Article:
Tia Ross was recently featured among Women Making History in honor of Women’s History month. In this insightful interview with Jeanette Hill, the discussion focuses on her work with and future plans for Black Writers Reunion & Conference, Black Writers Alliance, and other Black writers events.
You created the Black Writer’s Reunion Conference (BWRC), the most successful writer’s conference for African American writers and authors. Tell us how you came up with the concept and how you implemented it so successfully?
Memphis Vaughan Jr. of TimBookTu.com and I first toyed around with the idea of a writer’s conference for our online communities in the late 90s. I’d just formed the first 501c3 literary arts association to organize online for Black writers and he was featuring up-and-coming authors on his site (and still is, 17 years later). I thought it was too soon to launch the event. A year later, members of my organization wanted a meet-up, and Charene Thornton, one of the members, began coordinating the event in Atlanta. I felt that if we were going to dedicate valuable time and resources to it, then we needed to also incorporate education, book promotions, contests, and other key conference components.
We were already this big, very close-knit family of writers by that time, so I gave it the name “Reunion & Conference” to acknowledge the family gathering as an equally important component of the event. Its success was borne from the fact that it was, and continued to be, a collective family effort in support of the vision I shared with them and our mission to build further upon the nurturing community we all cherished.
You are a master at networking and negotiating, both valued skills. When working on a project with so many variable components, how do you determine which people will be a fit?
It’s become kind of intuitive for me now, but I learned to look at people’s track records. Their brands speak volumes. What have they been doing to support fellow writers to date? Are they already contributing members of our community, networks or extended networks? What do they expect in return for their contribution? How supportive are they of fellow writers or are they in it simply for self-gratification? How have they treated people who’ve come to them for help? The answers tell the tale and make it easy to identify those whose motives mesh with the organization’s goals and mission and to weed out those whose don’t. Someone who strictly wants to make money off of us will not fit in.
Bringing writers together brings with it the inherent possibilities of egos going viral. How did you manage to keep this to a minimum while cultivating a spirit of camaraderie?
I simply don’t cater to egos. I treat everyone as equals, and I extend to new speakers and workshop facilitators the same respect and gratitude that I extend to those who’ve been with us since the very beginning. I’ve never bought into the belief that we need so-called “big name/V.I.P.” authors for our events to be successful. Writers do not attend our events to meet anyone who is only there because they were paid to be and otherwise has no interest in them or their writing dreams and goals. People come to Black Writers Events’ conferences, retreats, and workshops to learn, to be inspired to take their talents for writing seriously, to be enlightened on how to nurture and develop those gifts and be profitable, to find and build support systems, and to be empowered on the spot by those who have the knowledge and are present because they want to give back and serve as teachers and leaders within an organization that supports them in return. These are the true VIPs to me . . . without any airs. When there is a noticeable, distinct lack of pretense and arrogance at our gatherings, camaraderie and fellowship naturally ensue.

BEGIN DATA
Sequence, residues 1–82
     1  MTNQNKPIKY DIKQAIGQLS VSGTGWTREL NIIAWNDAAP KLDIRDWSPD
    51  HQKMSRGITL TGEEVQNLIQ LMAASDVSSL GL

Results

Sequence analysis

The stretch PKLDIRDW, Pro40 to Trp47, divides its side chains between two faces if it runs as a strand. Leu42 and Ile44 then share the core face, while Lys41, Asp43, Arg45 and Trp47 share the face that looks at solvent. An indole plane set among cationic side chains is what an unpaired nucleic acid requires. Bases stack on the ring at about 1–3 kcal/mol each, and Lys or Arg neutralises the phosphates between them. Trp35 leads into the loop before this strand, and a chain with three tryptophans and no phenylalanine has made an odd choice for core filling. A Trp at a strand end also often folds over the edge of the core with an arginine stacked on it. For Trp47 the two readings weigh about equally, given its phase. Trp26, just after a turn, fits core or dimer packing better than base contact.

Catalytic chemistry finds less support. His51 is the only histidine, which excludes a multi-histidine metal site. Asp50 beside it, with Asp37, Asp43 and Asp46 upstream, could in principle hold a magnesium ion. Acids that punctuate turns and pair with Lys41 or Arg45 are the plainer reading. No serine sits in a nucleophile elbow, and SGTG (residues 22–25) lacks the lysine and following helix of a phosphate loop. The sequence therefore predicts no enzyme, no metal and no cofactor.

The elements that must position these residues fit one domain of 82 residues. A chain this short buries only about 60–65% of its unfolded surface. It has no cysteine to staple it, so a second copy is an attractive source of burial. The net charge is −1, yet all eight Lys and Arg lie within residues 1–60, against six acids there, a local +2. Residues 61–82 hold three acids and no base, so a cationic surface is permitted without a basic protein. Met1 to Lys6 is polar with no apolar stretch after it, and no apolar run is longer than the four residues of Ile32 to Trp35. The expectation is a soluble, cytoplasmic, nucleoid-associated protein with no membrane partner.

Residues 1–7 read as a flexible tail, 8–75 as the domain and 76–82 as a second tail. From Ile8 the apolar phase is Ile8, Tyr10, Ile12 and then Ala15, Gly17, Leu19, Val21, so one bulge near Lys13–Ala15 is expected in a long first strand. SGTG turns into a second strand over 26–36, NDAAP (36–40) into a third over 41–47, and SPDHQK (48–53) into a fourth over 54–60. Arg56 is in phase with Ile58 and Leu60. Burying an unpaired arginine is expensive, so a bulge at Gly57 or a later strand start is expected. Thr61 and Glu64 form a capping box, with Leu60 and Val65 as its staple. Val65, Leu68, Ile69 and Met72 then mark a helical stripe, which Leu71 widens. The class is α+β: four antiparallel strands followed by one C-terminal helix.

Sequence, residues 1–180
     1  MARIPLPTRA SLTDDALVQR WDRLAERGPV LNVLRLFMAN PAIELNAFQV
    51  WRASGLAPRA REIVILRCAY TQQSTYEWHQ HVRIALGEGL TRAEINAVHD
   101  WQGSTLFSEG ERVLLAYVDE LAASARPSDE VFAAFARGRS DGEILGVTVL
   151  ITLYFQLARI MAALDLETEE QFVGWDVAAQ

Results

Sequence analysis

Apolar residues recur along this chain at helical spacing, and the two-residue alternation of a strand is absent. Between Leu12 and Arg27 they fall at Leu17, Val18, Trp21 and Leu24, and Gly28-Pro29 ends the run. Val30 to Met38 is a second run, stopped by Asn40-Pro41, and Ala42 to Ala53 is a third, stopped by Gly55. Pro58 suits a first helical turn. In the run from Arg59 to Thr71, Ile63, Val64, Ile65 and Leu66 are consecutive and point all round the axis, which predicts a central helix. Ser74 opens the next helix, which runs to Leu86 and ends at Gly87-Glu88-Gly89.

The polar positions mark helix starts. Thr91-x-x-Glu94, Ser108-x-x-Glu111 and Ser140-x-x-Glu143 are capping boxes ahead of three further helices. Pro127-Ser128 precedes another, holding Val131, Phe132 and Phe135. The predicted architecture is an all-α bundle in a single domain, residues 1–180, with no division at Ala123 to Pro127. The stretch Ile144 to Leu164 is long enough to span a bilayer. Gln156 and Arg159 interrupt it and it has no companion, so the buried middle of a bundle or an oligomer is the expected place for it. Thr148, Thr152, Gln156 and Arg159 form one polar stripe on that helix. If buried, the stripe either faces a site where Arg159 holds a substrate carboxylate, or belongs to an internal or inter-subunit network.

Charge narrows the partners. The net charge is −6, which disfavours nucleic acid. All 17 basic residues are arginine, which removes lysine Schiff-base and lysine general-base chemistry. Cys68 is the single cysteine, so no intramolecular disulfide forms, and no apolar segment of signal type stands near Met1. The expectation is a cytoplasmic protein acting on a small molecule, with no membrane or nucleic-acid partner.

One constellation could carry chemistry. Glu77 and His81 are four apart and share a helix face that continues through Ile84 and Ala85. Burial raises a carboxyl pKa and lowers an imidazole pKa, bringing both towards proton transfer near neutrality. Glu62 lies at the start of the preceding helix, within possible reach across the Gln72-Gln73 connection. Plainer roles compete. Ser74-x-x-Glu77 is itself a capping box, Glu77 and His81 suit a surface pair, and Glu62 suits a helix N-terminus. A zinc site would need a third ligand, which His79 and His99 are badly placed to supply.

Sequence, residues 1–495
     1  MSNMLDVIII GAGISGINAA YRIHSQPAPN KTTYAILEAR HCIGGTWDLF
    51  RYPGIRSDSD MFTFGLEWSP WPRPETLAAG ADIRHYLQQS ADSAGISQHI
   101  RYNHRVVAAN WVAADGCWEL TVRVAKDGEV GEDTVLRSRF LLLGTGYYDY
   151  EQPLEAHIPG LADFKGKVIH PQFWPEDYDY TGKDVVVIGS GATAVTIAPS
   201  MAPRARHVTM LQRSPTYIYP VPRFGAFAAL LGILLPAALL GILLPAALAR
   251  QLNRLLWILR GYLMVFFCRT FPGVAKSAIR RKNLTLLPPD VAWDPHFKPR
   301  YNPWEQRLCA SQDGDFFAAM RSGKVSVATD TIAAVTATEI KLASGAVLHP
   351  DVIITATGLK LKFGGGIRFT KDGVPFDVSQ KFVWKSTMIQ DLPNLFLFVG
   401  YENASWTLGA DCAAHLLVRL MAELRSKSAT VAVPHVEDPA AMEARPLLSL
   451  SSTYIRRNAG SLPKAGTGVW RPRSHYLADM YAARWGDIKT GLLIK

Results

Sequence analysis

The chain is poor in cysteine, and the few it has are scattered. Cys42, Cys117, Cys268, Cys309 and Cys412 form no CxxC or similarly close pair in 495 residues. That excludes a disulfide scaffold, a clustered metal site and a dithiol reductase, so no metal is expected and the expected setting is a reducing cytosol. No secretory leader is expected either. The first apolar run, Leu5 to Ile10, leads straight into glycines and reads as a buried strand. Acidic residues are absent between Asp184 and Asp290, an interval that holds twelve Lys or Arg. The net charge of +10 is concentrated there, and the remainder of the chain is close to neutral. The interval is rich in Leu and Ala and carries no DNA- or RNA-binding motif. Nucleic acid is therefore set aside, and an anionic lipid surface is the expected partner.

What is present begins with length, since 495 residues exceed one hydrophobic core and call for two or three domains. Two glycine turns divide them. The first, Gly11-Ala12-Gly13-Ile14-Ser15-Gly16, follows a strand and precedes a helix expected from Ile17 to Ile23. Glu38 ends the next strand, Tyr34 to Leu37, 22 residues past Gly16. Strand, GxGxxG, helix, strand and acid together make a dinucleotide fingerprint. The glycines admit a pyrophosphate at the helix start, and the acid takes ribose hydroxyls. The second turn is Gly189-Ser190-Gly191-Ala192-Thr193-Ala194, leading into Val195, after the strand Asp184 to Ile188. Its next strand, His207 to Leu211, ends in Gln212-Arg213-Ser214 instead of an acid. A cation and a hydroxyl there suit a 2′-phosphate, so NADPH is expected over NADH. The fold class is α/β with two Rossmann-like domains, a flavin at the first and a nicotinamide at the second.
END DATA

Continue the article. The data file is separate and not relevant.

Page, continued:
What do you mean by “wait a while”? Is there something else over the horizon for BWRC?
One of the main reasons I stepped down from BWRC was due to the workload. Finding venues and producing outstanding conferences requires significant amounts of time and energy, and when you’re raising two sons, working a day job plus moonlighting as a freelance editor and web designer, and trying to effectuate new career and business endeavors through a degree plan course of study, something has to give. I was overwhelmed, so I stepped back from the conference. The late, beloved Gwynne Forster praised the conferences since the beginning, continually encouraging me to keep supporting emerging black writers no matter what and, as I fully expected, I dearly miss the camaraderie of the Black Writers family. So, I am working on creating new events that are less labor- and resource-intensive and require less capital to produce but are equally rewarding for all involved. I’m also relaunching Black Writers Alliance with plans to offer structured critique groups, literary support services and other membership benefits for published and professional writers, editors, publishers, to name a few, and those who aspire to be. The door is open with various opportunities for interested individuals to get involved on the “ground floor” posted at BlackWriters.org.